BLACKWELL: A look here inside Georgia's 5th Congressional District represented for 17 terms by the now late Congressman John Lewis. This is the Sweet Auburn District of Atlanta. Again, he represented this area for decades. CNN Center is right in the heart of the district.

PHILLIP: And that picture says it all, "hero." We are now joined by his pastor. Reverend Raphael Warnock is the senior pastor of the historic Ebenezer Baptist Church, joining us now from Atlanta. Thank you for joining us.

Reverend, I know this is a tough morning for you and for everyone who knew John Lewis. But tell us about his final days, about what you were able to say to him, and what kind of state of mind was he in as he left this world.

REV. RAPHAEL WARNOCK, SENIOR PASTOR OF EBENEZER BAPTIST CHURCH: Thank you so very much for having me. This is a difficult day in Atlanta and all across the country. We lost a lot yesterday, as we witnessed the passing of John Lewis and earlier that morning his friend and colleague, Reverend C.T. Vivian.

I was deeply honored to serve as the pastor of a true American hero. I first met Congressman Lewis as a college student. I was his pastor, but he was my mentor. I received a call several days ago, from the family, asking that I make my way to the home and I was there at his bedside.

I exchanged a few words with him. Told him how much I loved him and he said, I love you, too, brother - somehow mustered up the strength to say that. But I have to say that even in his weakness, there was a deep sense of resolve and strength, courage and dignity, the kind that we have come to associate with the likes of John Lewis. We lost a true hero yesterday. But work is left up to us.


BLACKWELL: A part of President Obama's statement, Reverend, "he loved this country so much that he risked his life and his blood so that it might live up to its promise. And through the decades, he not only gave all of themselves to the cause of freedom and justice, but inspired generations that follow to try to live up to his example."

And the latter part of that statement is what I want to focus on relevant to at least three generations. There's a comic book, a graphic novel that was released recently about John Lewis. Talk about that, how young people still revere John Lewis.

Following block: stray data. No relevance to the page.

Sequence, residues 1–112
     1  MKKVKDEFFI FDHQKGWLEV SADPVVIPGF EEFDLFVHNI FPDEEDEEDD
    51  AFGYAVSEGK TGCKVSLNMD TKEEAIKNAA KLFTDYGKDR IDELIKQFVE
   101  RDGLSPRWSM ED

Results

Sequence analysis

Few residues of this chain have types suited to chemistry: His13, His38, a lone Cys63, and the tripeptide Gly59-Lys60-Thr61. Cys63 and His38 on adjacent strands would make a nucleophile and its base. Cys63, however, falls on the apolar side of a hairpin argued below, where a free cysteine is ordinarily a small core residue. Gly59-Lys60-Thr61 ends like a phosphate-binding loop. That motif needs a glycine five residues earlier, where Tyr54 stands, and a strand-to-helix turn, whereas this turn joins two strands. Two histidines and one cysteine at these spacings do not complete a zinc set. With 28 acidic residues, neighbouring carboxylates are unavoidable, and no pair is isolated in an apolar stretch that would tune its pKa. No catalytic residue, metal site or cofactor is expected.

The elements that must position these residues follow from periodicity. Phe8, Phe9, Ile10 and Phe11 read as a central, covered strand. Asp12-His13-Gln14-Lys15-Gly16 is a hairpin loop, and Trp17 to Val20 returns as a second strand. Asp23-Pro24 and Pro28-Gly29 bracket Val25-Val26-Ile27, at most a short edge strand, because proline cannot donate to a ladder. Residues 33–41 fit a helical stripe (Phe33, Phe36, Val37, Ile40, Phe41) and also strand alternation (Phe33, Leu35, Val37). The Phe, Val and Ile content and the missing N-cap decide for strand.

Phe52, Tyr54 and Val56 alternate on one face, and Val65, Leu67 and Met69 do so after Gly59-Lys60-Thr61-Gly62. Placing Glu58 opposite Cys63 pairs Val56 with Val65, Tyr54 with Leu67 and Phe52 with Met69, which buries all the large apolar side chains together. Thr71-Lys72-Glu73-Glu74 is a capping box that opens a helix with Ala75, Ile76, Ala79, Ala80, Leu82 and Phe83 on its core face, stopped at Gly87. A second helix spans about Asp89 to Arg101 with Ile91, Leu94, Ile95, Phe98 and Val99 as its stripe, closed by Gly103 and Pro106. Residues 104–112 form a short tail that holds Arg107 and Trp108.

Yes, there was something about the power of his message, and he embodied the message in such a way that it translated across generations. The things that John Lewis stood for are timeless. Here is a young man who as a kid himself, thought about becoming a preacher. But instead of spending most of his weeks preaching sermons in a real since he became a sermon - a sermon about truth telling and justice making in the world.

And as the decades passed, young people could relate to him, because they saw in him a kind of authenticity, a deep and unconditional love, unlike what we typically see in politics today, and that's because he was not a transactional politician. He was a transformational figure operating in the Congress.

And when you saw him you could not but respect the way in which he embodied the message. He gave up a lot on that bridge in Selma. In a real sense, by his stripes we are healed and that work of healing continues today. PHILLIP: We are losing in some ways a whole generation of these heroes, with the loss of C.T. Vivian yesterday as well. As someone who is in Atlanta, the birthplace of the civil rights movement, where do we go from here? What do you think John Lewis would want the message for this next generation to be? What should they do as they now must take up the mantle of this new civil rights fight that this entire country is living through?

WARNOCK: We know that John Lewis fought until the very end, and so we have to continue to fight the good fight. Over the next several days, there will be those who will sing praises to his name, and that's appropriate. But for John Lewis, it was never about him. It was about the cause that he represented.